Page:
The Short-run Supply Curve of Labour


    The Short-run Supply Curve of Labour

    • In the short-run, there’s insufficient time for workers to change occupation
      • Therefore, the key influence in the short-run is the wage-rate.
    • At low wages, a rise in the wage rate will cause a worker to work more hours (extension on the supply of labour)
    • However, at a certain point, the offer of higher wages will cause a worker to work less hours (contraction in the supply of labour)
      • This is because the worker thinks that their current income level meets their financial needs, and may be keen to have more hours for leisure.
    • For example, a worker may currently work 40 hours at £30 per hour. A rise in the wage rate to £40 would enable the worker to earn the same amount by working 30 hours, giving the worker more leisure time
    • This is called the backward-sloping labour supply curve
      • This is the supply curve showing the substitution effect dominating at low wages and the income effect dominating at high wages


    • The income effect is to reduce the number of hours people work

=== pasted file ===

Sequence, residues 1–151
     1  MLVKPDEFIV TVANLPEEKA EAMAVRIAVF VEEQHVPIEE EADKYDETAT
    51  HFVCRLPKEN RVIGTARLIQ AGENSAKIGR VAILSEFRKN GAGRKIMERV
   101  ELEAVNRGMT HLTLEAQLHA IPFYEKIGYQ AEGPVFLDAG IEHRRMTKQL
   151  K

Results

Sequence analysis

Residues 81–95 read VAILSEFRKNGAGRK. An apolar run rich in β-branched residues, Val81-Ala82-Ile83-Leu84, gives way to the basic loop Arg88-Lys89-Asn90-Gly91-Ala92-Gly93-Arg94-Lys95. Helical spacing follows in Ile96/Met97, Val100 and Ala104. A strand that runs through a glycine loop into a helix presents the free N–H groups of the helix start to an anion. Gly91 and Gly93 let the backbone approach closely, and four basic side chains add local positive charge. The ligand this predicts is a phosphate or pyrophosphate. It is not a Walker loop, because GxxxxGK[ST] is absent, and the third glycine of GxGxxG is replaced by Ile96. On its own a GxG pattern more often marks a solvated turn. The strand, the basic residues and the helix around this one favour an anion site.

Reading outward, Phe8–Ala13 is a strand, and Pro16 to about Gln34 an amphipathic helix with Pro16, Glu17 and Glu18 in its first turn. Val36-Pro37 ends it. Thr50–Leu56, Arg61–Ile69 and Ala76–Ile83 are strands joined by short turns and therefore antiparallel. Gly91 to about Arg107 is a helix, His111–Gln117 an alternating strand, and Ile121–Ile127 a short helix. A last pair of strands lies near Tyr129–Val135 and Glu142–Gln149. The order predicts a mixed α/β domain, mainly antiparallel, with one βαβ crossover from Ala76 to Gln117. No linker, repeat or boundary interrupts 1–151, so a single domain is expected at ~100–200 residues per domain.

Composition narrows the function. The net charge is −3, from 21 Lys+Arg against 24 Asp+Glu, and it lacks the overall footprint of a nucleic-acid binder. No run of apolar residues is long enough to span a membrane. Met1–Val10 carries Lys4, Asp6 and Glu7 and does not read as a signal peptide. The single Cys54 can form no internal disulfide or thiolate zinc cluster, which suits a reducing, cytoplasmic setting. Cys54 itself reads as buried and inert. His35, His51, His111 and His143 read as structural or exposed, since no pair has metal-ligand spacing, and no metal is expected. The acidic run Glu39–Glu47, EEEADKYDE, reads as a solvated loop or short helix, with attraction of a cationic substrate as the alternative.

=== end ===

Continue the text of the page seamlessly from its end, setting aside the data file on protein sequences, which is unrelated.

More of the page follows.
• The substitution effect increases the number of hours worked, as a higher wage rate increases the return on working, and so increases the opportunity cost of leisure, so the worker chooses to work.
    • It is the income and substitution effects that the number of hours the worker wishes to work depends on the number of hours on offer and the relative importance that the worker attaches to income and leisure.
    • Many workers, however, are not able to change how many hours they work, but as the labour market becomes more flexible, this choice is available to more workers


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